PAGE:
Body mass index was used as a surrogate to indicate patient's adiposity level, which was calculated as weight in kilograms divided by height squared in meters. The primary endpoint was defined as in-hospital major adverse cardiovascular event (MACE), which included death, myocardial infarction (MI) and target vessel revascularization (TVR). The secondary endpoint was defined as death after 1 year discharge. Major bleeding at hospital was also compared, which was defined as bleeding met Bleeding Academic Research Consortium ≥ 3 grade.[9] MI was defined by meeting at least 2 of the following criteria: (1) unrelieved onset of chest pain over 20 min; (2) significant new changes of ST-segment or new Q waves in the electrocardiograms; (3) elevation of myocardial enzymes that are more than three times the upper reference limit. TVR referred to any percutaneous or surgical revascularization of a previously treated vessel. Anemia was determined by the hemoglobin value, hemoglobin <120 g/L in male and <110 g/L in female was defined as anemia. Glomerular filtration rate was calculated with serum creatine, age, BMI and sex, an estimated glomerular filtration rate <60 ml/min per 1.73 m2 was defined as renal dysfunction.

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Percutaneous coronary intervention procedure

Before PCI, patients were pretreated with 300 mg loading dose of aspirin and clopidogrel. And prior to the catheterization, patients were administrated with weight-adjusted loading dose of heparin. Glycoprotein IIb/IIIa inhibitor and low molecule weight heparin were administrated optionally at the doctor's discretion. Sustained dual antiplatelet therapy including both aspirin and clopidogrel was prescribed after PCI for 1 year in patients receiving drug-eluting stents (DESs), and for 1 month in patients receiving bare metal stents.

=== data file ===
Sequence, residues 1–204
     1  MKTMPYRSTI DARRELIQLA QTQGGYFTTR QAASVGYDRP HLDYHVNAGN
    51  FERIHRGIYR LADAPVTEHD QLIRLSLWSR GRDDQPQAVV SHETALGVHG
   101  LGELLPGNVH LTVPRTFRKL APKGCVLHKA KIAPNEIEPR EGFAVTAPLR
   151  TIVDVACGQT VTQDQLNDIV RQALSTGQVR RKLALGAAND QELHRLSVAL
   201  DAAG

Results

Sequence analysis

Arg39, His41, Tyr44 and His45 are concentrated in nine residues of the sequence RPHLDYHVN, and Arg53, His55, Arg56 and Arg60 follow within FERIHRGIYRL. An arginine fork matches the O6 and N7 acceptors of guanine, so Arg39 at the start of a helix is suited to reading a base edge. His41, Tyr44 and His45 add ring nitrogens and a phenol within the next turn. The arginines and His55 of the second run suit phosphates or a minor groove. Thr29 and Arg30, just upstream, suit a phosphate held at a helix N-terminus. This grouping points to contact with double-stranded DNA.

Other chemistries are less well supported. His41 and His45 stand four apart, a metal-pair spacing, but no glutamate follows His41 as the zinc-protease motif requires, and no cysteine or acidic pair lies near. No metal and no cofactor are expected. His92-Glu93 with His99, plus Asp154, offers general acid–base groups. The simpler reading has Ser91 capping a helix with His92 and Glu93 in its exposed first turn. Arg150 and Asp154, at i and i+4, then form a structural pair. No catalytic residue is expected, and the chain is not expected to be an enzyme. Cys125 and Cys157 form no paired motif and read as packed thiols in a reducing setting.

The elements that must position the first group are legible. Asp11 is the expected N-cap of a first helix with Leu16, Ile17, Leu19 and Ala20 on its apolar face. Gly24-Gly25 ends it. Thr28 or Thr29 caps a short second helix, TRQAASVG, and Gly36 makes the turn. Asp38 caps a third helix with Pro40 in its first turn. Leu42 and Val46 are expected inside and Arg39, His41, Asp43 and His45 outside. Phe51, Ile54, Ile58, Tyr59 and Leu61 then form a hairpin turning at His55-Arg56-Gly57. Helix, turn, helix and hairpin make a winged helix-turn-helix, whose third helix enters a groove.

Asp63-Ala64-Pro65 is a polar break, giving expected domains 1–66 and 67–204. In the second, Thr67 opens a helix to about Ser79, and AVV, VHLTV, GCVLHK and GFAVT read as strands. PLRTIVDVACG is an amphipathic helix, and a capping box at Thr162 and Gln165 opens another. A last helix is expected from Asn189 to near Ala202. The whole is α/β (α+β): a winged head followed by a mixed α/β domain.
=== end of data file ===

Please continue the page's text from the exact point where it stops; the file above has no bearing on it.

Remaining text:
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Statistics

Continuous variables were expressed as mean values ± standard deviation and compared using Student's t-test. Categorical variables were expressed as frequencies with percentages and compared using Chi-square test or Fisher's exact test when appropriate. Logistic regression analysis was performed to adjust for the potential confounders in predicting the association between BMI and in-hospital MACE. Clinical relevant variables or baseline variables compared between the groups with a P < 0.1 entered the logistic model, which included: age, sex, BMI categories, hypertension, diagnosis of ST-segment elevation MI, left ventricular ejection fraction, anemia, renal dysfunction, left main disease, use of DESs, and the achievement of final thrombolysis in MI (TIMI) 3 flow. The analyses were performed using SPSS 18.0 (SPSS Inc., Chicago, IL, USA). A two-sided P ≤ 0.05 was considered statistically significant.

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RESULTS

Patient characteristics